3. http://javascript.crockford.com/code.html <http://javascript.crockford.com/code.html>
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Re: Private properties are undefined in JS and null in AS

piotrz
Justin,

Do you find cycles to perform some tests and present numbers?

Piotr
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Re: Private properties are undefined in JS and null in AS

Justin Mclean
Administrator
Hi,

> Do you find cycles to perform some tests and present numbers?

There are existing tests out there see for example JSPerf.com [1]

For instance on Safari != vs !== and == vs === is 99% slower (yikes!) when comparing different types. Chrome give similar results.

Now hopefully most comparison are between the same types so I’m not expecting order of magnitude difference in perfomrance.

The changes I made to recently gave a 250% speed increase for our application as profiled in Chrome. So I think this is certainly something to seriously consider SDK wide.

Thanks,
Justin

1. https://jsperf.com/triple-equals-vs-double-equals/3
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Re: Private properties are undefined in JS and null in AS

Alex Harui-2
In reply to this post by Justin Mclean


On 6/2/17, 11:59 PM, "Justin Mclean" <[hidden email]> wrote:
>
>> 2) How much slower and fatter is initializing properties to null?
>
>Given it’s a one off and a comparison is likely to be made several time I
>would assume the cost of setting to null would be a lot lower.

I'm not sure it is always one-off.  I think every function call will need
to initialize its local variables.  But even a couple of thousand
initializations at startup might make download size and startup time a
factor.  So the data would probably need to measure how many new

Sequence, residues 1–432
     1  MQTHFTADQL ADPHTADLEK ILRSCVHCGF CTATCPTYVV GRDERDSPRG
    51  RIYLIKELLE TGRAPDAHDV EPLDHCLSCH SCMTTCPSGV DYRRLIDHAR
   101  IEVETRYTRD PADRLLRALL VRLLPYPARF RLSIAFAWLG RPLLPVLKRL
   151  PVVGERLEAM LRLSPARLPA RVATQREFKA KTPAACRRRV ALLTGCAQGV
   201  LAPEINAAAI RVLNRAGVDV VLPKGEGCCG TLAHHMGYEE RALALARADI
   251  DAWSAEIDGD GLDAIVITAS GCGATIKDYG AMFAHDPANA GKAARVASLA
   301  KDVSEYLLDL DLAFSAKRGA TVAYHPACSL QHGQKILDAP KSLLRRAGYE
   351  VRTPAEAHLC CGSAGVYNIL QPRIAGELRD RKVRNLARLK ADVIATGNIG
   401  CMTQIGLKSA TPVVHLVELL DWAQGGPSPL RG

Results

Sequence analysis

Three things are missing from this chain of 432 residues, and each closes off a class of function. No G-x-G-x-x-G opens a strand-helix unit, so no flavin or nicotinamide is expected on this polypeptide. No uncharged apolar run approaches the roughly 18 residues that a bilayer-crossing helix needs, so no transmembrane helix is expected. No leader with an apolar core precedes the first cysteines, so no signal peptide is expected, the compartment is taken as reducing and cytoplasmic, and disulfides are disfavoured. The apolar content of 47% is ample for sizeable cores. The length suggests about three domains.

initializations the framework would have to have.

Also, we have to remember that the final optimization is done by Google
and not us.  We are type annotating the output and they and/or the browser
runtimes may also someday optimize and auto convert "==" to "===" where it
can.  So it isn't clear to me that we have to manually go through and
replace our use of '=='.  I believe Flash's JIT also effectively auto
converts when it has sufficient type information.

Something the compiler could do is flag areas in the code where type
information is lacking.  That kind of thing may have greater impact on the
final performance.

-Alex


>

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Re: Private properties are undefined in JS and null in AS

Justin Mclean
Administrator
Hi,

> I'm not sure it is always one-off.  I think every function call will need
> to initialize its local variables.

Yep that may also need to be done in some cases.

> Also, we have to remember that the final optimization is done by Google
> and not us.  We are type annotating the output and they and/or the browser
> runtimes may also someday optimize and auto convert "==" to "===" where it
> can.

And it may do further optimisations where you use === rather than ==. Other than hyperticals do you have any data to show that it does this?